The Ministry of Foreign Affairs (MoFA) issued a statement rejecting a report by the UN Security Council alleging that Al-Qaida and the Islamic Emirate have a “close” relationship and that foreign groups are in Afghanistan.
“The Islamic Emirate of Afghanistan again reaffirms its commitments and reassures all that none shall be allowed to use the territory of Afghanistan against others,” the statement said.
The UN Security Council Analytical Support and Sanctions Monitoring Team in the report said Al-Qaida has a “safe haven under the Taliban and increased freedom of action.”
“The relationship between the Taliban and Al-Qaida remains close, with the latter celebrating the former’s success and renewing its pledge of allegiance to [Mawlawi Hibatullah Akhundzada],” the UN report said.
The Ministry of Foreign Affairs (MoFA) in a recent statement said the allegations were baseless: “The fact remains that since the return to power of the Islamic Emirate, the world and the region have been prevented from facing any harm from Afghanistan, and the Afghan government has consistently worked for the last nine months to build an environment of trust with the regional and world countries.”
The Ministry of Foreign Affairs’ statement called on the United Nations to hand over the post of Afghanistan’s permanent representative at the UN to the current Afghan government in order to directly provide factual information to the UNSC and other countries.
The United Nations report estimated an approximate presence of “180 to 400 fighters affiliated with Al-Qaeda” from “Bangladesh, India, Myanmar and Pakistan” who are settled in “Ghazni, Helmand, Kandahar, Nimruz, Paktika and Zabul provinces.”
“The Islamic Emirate is committed to its promises. It has attempted for the past nine months to prevent any kind of threat to other countries from Afghan soil and to create a trust-building environment with regional countries,” said Inamullah Samangani, deputy spokesman for the Islamic Emirate.
The Islamic Emirate on Monday rejected a report by the United Nations Security Council Monitoring Team which said that following the political change in Afghanistan, foreign insurgent groups enjoy greater freedom in the country.
“There are no recent signs that the Taliban has taken steps to limit the activities of foreign terrorist fighters in the country. On the contrary, terrorist groups enjoy greater freedom there than at any time in recent history. However, Member States have not reported significant new movements of foreign terrorist fighters to Afghanistan,” the report reads.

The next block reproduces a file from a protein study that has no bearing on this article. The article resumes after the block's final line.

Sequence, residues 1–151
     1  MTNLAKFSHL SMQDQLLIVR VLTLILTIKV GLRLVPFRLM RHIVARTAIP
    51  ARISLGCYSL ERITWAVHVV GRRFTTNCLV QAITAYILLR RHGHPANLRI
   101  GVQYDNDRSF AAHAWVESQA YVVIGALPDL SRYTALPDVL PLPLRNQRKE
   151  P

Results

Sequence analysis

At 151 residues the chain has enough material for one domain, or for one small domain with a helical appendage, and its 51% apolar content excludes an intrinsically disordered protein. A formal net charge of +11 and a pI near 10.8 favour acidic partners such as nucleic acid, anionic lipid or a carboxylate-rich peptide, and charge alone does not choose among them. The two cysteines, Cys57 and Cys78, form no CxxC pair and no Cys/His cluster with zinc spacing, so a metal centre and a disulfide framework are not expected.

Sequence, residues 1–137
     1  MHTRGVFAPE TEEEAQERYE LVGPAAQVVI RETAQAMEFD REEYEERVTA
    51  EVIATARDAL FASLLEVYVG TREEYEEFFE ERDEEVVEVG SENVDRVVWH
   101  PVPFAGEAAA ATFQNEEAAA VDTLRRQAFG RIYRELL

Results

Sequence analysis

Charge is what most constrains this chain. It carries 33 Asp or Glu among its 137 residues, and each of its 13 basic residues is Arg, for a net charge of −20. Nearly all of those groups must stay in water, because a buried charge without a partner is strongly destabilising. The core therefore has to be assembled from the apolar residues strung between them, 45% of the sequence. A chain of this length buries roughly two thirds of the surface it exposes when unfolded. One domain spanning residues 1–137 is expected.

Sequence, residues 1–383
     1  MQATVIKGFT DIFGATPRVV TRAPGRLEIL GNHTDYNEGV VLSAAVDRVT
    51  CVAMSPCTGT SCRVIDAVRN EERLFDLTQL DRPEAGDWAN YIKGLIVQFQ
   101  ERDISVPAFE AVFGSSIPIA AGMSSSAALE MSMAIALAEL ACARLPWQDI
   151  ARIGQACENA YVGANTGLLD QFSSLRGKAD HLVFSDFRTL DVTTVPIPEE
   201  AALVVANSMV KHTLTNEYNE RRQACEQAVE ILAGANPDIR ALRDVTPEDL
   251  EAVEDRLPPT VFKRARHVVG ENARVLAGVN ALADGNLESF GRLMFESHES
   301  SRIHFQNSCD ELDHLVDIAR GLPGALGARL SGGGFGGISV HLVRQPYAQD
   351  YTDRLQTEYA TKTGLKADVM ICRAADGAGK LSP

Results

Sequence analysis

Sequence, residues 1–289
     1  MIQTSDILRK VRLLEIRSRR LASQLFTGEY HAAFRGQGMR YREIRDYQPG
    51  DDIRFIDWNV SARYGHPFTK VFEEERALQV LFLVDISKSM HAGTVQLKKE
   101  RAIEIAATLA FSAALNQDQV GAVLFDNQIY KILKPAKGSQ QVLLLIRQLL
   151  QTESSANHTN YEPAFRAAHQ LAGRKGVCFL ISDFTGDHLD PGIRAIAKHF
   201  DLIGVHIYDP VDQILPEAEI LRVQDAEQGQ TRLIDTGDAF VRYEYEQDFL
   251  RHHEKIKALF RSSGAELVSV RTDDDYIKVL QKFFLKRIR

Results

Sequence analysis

The report questioned the Islamic Emirate’s commitment under the Doha Agreement to preventing “international terrorist” threats from having a foothold in Afghanistan. The UNSC Monitoring Team expressed concerns that foreign groups might find safe haven in Afghanistan.
According to the report, Osama Bin Laden’s son visited Afghanistan late last year. “One Member State reported that Bin Laden’s son, Abdallah, visited Afghanistan in October for meetings with the Taliban.”
Reacting to the report, the Islamic Emirate said the report lacks evidence. “The Islamic Emirate of Afghanistan strongly rejects recent report by the UNSC Monitoring Team asserting an increase of foreign groups in Afghanistan. The Islamic Emirate deems such reports lacking evidence, documents and addresses neither in the interest of Afghanistan, the region or the world,” the Islamic Emirate’s Foreign Ministry said in a statement.
The statement said the Islamic Emirate has implemented its commitments laid out in the Doha Agreement and does not allow anyone to threaten any country from Afghanistan’s territory. The statement said the Islamic Emirate will play a positive role toward security in Afghanistan, the region and the world.
“The UNSC Monitoring Team’s reports which says foreign group’s presence and activities have increased in Afghanistan, is untrue,” Hafiz Zia Ahmad Takal, deputy spokesman of the foreign ministry said.
According to the UNSC report, Amin Muhammad ul-Haq Saam Khan, who coordinated security for Osama Bin Laden, returned to his home in Afghanistan in late August last year.
Regarding the report’s allegations, “no visit and no meeting between anyone happened,” said Islamic Emirate’s Deputy Spokesman Bilal Karimi.
“The economic and political instability in Afghanistan will pave the way for activities of terrorist groups inside and outside of Afghanistan,” said Hikmatullah, a political analyst.
“Serious revisions should be made to such reports. Allegations that can shock the people of Afghanistan and world should be prevented,” said Abdul Ghafar, a political analyst.
The report warns that Afghanistan has the potential of becoming a safe haven for al-Qaida and a number of ‘terror groups’ with ties to the Central Asia region and beyond.—Tolonews